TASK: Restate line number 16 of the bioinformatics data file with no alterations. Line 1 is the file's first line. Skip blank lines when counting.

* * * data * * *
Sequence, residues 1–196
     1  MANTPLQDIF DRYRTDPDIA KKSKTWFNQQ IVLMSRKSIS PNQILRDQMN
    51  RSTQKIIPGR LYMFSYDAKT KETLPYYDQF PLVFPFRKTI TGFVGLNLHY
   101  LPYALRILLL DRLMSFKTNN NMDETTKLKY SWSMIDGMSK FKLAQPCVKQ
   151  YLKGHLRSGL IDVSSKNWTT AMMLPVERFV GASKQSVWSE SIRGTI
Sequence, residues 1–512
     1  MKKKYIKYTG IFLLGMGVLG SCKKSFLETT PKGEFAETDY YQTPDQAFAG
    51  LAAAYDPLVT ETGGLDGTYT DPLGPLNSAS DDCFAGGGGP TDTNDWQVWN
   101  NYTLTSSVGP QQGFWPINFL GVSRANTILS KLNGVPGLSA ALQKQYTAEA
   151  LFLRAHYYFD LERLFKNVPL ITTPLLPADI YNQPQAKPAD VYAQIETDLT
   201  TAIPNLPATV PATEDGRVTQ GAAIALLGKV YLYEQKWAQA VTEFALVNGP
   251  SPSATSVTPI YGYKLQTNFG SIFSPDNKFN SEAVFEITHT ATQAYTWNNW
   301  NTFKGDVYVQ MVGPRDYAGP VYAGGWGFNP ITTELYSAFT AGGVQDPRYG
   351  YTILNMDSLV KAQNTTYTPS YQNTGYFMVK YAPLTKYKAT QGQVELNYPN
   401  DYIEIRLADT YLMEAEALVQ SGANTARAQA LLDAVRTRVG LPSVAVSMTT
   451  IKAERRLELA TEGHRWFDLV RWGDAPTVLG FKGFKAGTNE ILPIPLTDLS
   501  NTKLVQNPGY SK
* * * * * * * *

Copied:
   451  IKAERRLELA TEGHRWFDLV RWGDAPTVLG FKGFKAGTNE ILPIPLTDLS